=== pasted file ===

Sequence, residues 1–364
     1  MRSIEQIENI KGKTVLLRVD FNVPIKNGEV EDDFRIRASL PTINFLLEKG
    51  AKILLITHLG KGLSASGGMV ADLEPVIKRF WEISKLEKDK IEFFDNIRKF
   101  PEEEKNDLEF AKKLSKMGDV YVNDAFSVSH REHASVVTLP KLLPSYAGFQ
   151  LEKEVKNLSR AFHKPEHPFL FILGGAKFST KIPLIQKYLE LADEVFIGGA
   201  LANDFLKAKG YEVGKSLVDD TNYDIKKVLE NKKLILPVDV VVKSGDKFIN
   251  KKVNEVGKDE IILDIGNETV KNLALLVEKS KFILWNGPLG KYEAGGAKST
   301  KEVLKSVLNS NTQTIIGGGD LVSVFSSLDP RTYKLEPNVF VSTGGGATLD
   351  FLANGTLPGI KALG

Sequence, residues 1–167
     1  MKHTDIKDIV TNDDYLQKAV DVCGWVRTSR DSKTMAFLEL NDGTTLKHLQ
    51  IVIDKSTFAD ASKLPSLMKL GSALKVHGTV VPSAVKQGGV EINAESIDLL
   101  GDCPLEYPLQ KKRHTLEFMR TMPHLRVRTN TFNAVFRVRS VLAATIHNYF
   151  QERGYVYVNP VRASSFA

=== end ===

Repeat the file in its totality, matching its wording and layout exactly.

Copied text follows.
Sequence, residues 1–364
     1  MRSIEQIENI KGKTVLLRVD FNVPIKNGEV EDDFRIRASL PTINFLLEKG
    51  AKILLITHLG KGLSASGGMV ADLEPVIKRF WEISKLEKDK IEFFDNIRKF
   101  PEEEKNDLEF AKKLSKMGDV YVNDAFSVSH REHASVVTLP KLLPSYAGFQ
   151  LEKEVKNLSR AFHKPEHPFL FILGGAKFST KIPLIQKYLE LADEVFIGGA
   201  LANDFLKAKG YEVGKSLVDD TNYDIKKVLE NKKLILPVDV VVKSGDKFIN
   251  KKVNEVGKDE IILDIGNETV KNLALLVEKS KFILWNGPLG KYEAGGAKST
   301  KEVLKSVLNS NTQTIIGGGD LVSVFSSLDP RTYKLEPNVF VSTGGGATLD
   351  FLANGTLPGI KALG

Sequence, residues 1–167
     1  MKHTDIKDIV TNDDYLQKAV DVCGWVRTSR DSKTMAFLEL NDGTTLKHLQ
    51  IVIDKSTFAD ASKLPSLMKL GSALKVHGTV VPSAVKQGGV EINAESIDLL
   101  GDCPLEYPLQ KKRHTLEFMR TMPHLRVRTN TFNAVFRVRS VLAATIHNYF
   151  QERGYVYVNP VRASSFA